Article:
Thoroughly relaxed and in love with his job, he uses humor to lighten the pomposity around him, but dispatches enemies with brilliant scheming.


A Illusion review by Joan Ellis.

The Contender is terrific. In spite of implausible plot twists, three outstanding performers turn the movie into a searing satire of contemporary presidential politics. It doesn't matter whether the scandal of a given moment is about money, sex, or power. What matters is that the advisors who surround politicians wouldn't know a principle if they tripped over it. Obsessed with nursing the spin, the polls, the advertising, and the fund-raising, they care only about following their man to the White House. This movie is full of the dark shadows of Chappaquiddick, the Clarence Thomas hearings, the Clinton impeachment, and evangelical self-righteousness. This is a good one.

Democratic President Jackson Evans (Jeff Bridges) must fill the slot left vacant by the recent death of his Vice President. He has two candidates: Jack Hathaway (William Petersen), a popular governor suddenly in the news for a heroic public act, and Laine Hanson (Joan Allen), an elegant, smart, highly principled senator from Ohio. Throwing his lot with Senator Hanson, President Evans relishes his legacy of being the first President to raise a woman to the office. Instead of the smooth sailing he anticipates, he and the senator are hit by the prudish outrage of Shelly Runyon (Gary Oldman), who happens to be head of the House Judiciary Committee, which will hold the Hanson confirmation hearings.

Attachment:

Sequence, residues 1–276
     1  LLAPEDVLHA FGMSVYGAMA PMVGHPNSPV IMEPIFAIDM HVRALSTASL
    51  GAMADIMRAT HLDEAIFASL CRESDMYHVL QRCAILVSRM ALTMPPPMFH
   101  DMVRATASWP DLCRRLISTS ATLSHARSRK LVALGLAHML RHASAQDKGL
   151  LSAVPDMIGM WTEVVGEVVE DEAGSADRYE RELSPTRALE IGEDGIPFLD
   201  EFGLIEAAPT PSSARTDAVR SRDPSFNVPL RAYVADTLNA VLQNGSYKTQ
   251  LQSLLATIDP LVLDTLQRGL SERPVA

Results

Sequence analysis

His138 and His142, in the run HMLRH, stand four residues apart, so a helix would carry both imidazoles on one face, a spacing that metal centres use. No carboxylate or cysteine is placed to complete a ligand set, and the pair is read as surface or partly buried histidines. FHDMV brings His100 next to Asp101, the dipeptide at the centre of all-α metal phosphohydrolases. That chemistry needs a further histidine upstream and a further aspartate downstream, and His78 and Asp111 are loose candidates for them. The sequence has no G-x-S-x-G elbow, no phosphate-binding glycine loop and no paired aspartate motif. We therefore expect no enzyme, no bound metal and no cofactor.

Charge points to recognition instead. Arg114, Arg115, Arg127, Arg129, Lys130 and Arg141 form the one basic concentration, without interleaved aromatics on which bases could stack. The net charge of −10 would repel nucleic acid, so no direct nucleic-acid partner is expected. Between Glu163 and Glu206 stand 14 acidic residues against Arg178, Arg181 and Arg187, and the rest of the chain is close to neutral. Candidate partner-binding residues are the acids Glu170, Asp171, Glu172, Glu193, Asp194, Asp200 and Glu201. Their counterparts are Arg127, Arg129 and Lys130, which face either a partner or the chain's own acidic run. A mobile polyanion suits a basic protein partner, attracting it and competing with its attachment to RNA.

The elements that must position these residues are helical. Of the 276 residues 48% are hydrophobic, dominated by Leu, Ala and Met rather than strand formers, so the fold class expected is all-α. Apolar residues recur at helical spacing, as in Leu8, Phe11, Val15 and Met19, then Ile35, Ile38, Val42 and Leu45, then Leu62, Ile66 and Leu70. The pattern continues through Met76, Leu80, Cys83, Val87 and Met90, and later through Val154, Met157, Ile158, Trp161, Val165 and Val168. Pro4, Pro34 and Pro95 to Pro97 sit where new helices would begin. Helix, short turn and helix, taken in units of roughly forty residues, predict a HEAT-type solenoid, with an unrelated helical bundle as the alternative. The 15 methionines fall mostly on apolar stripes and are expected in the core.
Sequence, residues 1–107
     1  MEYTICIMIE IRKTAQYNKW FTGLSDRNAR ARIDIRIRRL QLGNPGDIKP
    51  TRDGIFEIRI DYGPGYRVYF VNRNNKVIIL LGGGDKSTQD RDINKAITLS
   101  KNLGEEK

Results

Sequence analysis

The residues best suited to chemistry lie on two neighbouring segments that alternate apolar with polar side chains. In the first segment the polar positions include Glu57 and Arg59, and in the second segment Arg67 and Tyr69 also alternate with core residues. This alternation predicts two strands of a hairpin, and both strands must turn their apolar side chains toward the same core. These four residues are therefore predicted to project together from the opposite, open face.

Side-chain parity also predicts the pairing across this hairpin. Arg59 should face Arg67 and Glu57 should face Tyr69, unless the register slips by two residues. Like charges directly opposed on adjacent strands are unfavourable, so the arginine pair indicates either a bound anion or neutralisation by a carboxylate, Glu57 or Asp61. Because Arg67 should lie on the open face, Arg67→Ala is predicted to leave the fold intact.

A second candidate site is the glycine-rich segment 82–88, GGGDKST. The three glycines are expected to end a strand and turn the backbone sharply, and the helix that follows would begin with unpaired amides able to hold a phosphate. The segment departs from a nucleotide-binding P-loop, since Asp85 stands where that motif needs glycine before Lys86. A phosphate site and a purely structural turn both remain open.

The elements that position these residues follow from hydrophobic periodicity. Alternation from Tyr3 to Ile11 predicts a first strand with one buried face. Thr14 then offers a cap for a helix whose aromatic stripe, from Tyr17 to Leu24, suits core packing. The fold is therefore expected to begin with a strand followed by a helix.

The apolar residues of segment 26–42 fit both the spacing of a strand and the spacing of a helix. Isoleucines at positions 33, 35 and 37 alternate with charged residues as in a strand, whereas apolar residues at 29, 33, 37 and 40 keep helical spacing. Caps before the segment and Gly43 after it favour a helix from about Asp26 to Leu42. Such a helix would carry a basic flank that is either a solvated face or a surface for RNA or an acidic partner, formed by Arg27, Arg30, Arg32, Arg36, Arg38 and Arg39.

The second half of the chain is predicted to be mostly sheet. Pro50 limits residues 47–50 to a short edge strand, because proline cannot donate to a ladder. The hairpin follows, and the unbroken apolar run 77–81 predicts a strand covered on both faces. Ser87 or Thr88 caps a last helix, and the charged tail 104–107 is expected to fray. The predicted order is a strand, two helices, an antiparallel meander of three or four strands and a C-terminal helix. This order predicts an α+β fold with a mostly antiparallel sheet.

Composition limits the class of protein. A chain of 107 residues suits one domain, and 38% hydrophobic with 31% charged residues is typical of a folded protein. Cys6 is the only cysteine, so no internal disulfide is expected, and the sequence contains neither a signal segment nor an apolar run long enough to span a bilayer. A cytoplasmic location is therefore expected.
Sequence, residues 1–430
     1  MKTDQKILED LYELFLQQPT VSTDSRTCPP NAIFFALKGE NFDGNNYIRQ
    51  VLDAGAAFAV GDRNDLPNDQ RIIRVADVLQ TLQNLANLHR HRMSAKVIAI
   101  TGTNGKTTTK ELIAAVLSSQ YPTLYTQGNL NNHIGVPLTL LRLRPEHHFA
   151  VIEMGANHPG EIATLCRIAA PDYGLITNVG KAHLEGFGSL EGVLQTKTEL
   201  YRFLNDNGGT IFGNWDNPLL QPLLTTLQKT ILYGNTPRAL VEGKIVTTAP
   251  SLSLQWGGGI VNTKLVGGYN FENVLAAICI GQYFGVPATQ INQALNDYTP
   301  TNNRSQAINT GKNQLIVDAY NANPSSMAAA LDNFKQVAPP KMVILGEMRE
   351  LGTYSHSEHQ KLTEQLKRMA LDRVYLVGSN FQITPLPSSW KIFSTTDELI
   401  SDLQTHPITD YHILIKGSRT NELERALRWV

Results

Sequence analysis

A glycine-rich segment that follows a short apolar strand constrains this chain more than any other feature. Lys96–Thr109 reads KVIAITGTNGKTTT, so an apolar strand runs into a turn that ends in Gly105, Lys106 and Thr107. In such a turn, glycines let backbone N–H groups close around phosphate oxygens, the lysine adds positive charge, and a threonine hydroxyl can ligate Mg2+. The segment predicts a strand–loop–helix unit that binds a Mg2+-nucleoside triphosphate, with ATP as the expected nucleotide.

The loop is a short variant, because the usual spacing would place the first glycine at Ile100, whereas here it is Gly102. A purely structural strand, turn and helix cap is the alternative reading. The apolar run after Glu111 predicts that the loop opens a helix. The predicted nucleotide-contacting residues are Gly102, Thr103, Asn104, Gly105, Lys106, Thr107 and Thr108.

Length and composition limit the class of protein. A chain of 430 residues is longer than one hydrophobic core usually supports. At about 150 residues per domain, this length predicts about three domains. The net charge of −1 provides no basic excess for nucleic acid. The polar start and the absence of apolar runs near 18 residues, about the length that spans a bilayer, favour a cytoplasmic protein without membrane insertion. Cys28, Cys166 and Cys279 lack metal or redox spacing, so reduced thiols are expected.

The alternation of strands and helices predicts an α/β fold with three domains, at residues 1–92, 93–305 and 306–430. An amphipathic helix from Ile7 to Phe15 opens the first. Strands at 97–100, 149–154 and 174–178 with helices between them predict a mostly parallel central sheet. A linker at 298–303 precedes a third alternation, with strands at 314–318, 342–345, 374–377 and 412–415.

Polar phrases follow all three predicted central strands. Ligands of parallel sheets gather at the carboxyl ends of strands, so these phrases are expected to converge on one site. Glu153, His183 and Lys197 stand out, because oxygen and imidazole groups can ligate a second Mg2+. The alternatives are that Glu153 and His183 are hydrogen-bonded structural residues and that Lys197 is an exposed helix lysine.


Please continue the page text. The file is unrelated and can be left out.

As evidence of a college sex scandal emerges from Senator Hanson's past, witnesses crawl from the depths of their failed lives to grab their five minutes of TV notoriety. Senator Hanson refuses comment: "I'll talk to your committee on any subject except my private life." A typical predator remarks, "We have to make her die in her own blood; we're going to obliterate a life."

A terrific cast runs wild with the material. Christian Slater is fine as the young representative trying to decide whether to grow up to be a good guy or a hack. Jeff Bridges has a grand old time playing Bill Clinton. Thoroughly relaxed and in love with his job, he uses humor to lighten the pomposity around him, but dispatches enemies with brilliant scheming. Gary Oldman is riveting as the outraged prig with power. His Representative Runyon oozes sleaze from every pore, an unctuous priss mired in a hatred that must inevitably consume its master.

In a performance that soars in dignity tinged with a sense of fun, Joan Allen gives us the politician we all want, one who spits out her beliefs with utter clarity: "I'm pro-choice; I'm for campaign reform, for taking guns out of every house, and for separation of church and state to protect our government from the grasp of religious fanatics." Even if you are on the opposite side of every one of those issues, surely you will breathe deeply of the fresh air of candor. The Contender reminds us how far we and our candidates have sunk into the silliness of being all things to all people.

Film Critic : JOAN ELLIS
Word Count : 496
Studio : Dreamworks
Rating : R
Running time : 2h12m

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